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In Central Park, Physical Activity is Overrated

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    NEWSLETTERS

    Getty Images/Chris Hondros
    A woman sunbathes alone in Central Park. (Photo by Chris Hondros/Getty Images)

    Running. Bicycling. Soccer-playing. Frisbee-tossing. Popular activities in most parks, but in Manhattan's biggest -- Central Park -- New Yorkers aren't eager to take up activity so much as to relax alone and nap.

    The Central Park Conservancy has issued a new report showing that 85 percent of all activity in Central Park is passive. And most of the eight to nine million people who visit the park each year (who, by the way, were mainly from Manhattan) say they prefer to come alone.

    Some of the park-goers' complaints, according to the Wall Street Journal: 3.6 percent of visitors cited "people" as their least favorite part of Central Park; 5.8 percent were turned off by bikers and dirty bathrooms or other maintenance issues; and crowds (8.4 percent) were more unpopular than cars (8 percent).

    More than four million people walk dogs in the park each year, compared to the 1.1 million who bicycle in the park.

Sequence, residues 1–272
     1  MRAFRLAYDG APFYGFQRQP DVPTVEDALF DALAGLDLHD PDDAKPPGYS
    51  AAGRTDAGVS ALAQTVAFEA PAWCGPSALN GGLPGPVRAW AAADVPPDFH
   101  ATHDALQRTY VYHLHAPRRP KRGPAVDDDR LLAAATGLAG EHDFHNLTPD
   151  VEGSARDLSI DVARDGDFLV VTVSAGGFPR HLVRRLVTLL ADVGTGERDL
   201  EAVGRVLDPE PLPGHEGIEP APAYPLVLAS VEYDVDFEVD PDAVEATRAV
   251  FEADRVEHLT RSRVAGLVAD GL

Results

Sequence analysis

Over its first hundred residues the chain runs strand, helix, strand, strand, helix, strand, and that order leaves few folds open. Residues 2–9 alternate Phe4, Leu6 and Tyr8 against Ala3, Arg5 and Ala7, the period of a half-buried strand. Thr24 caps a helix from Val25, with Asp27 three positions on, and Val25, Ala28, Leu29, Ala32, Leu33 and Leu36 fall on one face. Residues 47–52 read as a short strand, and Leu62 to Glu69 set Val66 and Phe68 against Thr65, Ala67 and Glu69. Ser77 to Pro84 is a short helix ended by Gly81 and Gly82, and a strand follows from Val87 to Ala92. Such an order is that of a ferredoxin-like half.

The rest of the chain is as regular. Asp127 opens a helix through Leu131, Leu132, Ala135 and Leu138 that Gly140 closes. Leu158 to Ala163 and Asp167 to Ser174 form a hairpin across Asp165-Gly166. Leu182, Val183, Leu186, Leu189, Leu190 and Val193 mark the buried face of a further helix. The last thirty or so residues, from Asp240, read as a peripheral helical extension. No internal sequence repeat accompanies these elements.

When it comes to sports park-goers do like to play, only 47,000 people play basketball in Central Park each year, compared with nearly 200,000 who compete in soccer. But most people play something else entirely, with more than 500,000 visitors each year participating in a team sport that is neither soccer nor baseball nor softball nor basketball (hmm -- any guesses?).

    "It is possible to discern a particular kind of New Yorker from the survey; someone slightly prickly, a bit of a loner, and resolutely contemplative, the sort of person who prefers 'thinking' (2.23 million) to virtually any physical activity outside of walking," says the WSJ.

    The survey was conducted by more than 350 volunteers and Conservancy staff between July 2008 and May 2009 in what's called the most "systemic effort" to record and analyze visitors since 1873, when gatekeepers meticulously recorded every person and leaving the Park, says WSJ.

    The survey found the number of park visitors has about tripled in the past 40 years, today attracting 37 to 38 million visits annually -- although those trips are made by only eight to nine million people, including 1.8 million who walk through on their commutes.

    The survey is being used to develop tours and programs that will "encourage and expand use of the Park's northern end."

    Do you visit Central Park often? What kinds of activities do you like to do there?